Tastes like suckling pig: why not eat a muskrat? | Life & Knowledge

Environmental protection doesn’t just mean protecting everything. Invasive animal and plant species threaten our ecosystem and displace native species.

The animals themselves are, of course, innocent. But far from their usual environment and their usual predators, they cause great damage and also displace native species. Means: Your inventory must be limited.

And that’s where we humans come into play as new “predators”. Because many of them taste really good.

From the Pacific oyster to the large muskrat: BILD shows you which intruders should end up in your saucepan.

What are invasive species?

This is the name given to animals and plants that unnaturally find their way into foreign ecosystems and compete with native species. Some were introduced by humans on purpose. American raccoons, nutrias, and muskrats, for example, were bred for their fur in Europe. But when demand fell, the animals were simply released in nature.

Container ship traffic also distributes unwanted passengers around the world: up to 10,000 species can travel in the ballast water of a giant ship and be unloaded in new waters.

Hard to imagine: there were no mammals in New Zealand before the arrival of humans. But with the arrival of European settlers came sheep, deer, rats and cats, which fundamentally changed the island state’s ecosystem and pushed many native animal species to the brink of extinction.

In order to protect the native flora and fauna, a solution must be found, which is why many ecologists today recommend eating the intruders – even if the behavior of people is the real culprit in the matter.

Pacific oysters

The Pacific oyster feels right at home in the North Sea

Foto: Getty Images

When you hear oysters, you think of a cool dozen on ice, with vinaigrette and champagne. A supposedly decadent pleasure, but the waters of the German North Sea have more of the molluscs than the coast can handle.

Originally they were brought from the sea around Japan and China to the North Sea in France and the Netherlands, but they are so fertile that they have now displaced almost all native mussel species.

If you want to counteract this plague and also slurp a few oysters, you should ask the fishmonger about “wild oysters”. These are mostly of the Pacific variant and are harvested using traditional means. Maybe one day the popular, but displaced mussel will return to our waters.

So many crabs

Teaser picture

A plague in this country, a now rare delicacy in China: the Chinese woolly crab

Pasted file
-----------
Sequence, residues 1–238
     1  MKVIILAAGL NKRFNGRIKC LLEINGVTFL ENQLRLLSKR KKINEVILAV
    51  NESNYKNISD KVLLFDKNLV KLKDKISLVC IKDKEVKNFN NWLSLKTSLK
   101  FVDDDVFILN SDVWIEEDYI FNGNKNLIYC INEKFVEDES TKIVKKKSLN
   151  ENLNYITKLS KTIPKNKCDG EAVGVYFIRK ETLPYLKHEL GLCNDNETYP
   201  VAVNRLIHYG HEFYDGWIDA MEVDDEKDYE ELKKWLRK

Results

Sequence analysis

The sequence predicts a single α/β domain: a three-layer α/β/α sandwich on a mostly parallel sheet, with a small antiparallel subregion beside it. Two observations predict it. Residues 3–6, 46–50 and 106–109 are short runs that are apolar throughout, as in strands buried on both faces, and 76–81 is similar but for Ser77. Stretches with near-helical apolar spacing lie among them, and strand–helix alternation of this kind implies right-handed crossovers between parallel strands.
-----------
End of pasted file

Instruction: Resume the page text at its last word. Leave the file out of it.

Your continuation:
Foto: picture alliance / WILDLIFE

Much like the oyster, crab meat is considered a fine commodity. The tender, pink meat belongs in a classic Leipziger Allerlei. But native crayfish are almost extinct in this country. On the other hand, American and Asian cancers are taking a liking to German rivers and lakes. In the Berlin zoo, when it rains heavily, red marsh crabs are said to crawl across paths and meadows in search of new breeding grounds.

So far, there has been only limited commercial fishing for the crustaceans. A Hessian start-up called Holycrab, for example, buys their goods from fishermen in order to cook a spicy broth from the animals. Some upscale restaurants also order the little crawlers, but you definitely have to eat more to stop the invasion.

The Chinese woolly crab, which is also invasive in the waters around Berlin, is so expensive in China that it is now being considered to import its unloved cousins ​​from Germany in order to meet domestic demand.

Big rodents

Teaser picture

The orange teeth come from the high iron content in tooth enamel. They can withstand almost anything

Photo: picture alliance / blickwinkel / McPHOTO / A. Volz

In the Middle Ages, beavers were considered a suitable fasting food, because the Catholic Church saw them as fish – and not meat. Nowadays rabbits are the only rodents tolerated on western plates, but that could be reconsidered.

Nutrien and muskrats were brought to Europe along with raccoons in the 18th century. They have thick fur and large bodies, which was particularly interesting for the fur industry. But when the market collapsed in the 20th century, many of the breeding animals were released and have been reproducing since then. In the years between 2006 and 2016 alone, their amount doubled. Their constructions in particular cause damage to banks and dykes.

Nutria meat is considered tender and tasty, similar to suckling pig. Since they are released for hunting and regulations were even relaxed in 2020, the meat is pretty easy to get hold of today.

Find out where they would buy other game and braise the meat like a rabbit.

Brummers become a nuisance Conservationists from Bavaria eat cockchafer soup

Bavaria: conservationists eat cockchafer soup

Source: BILD




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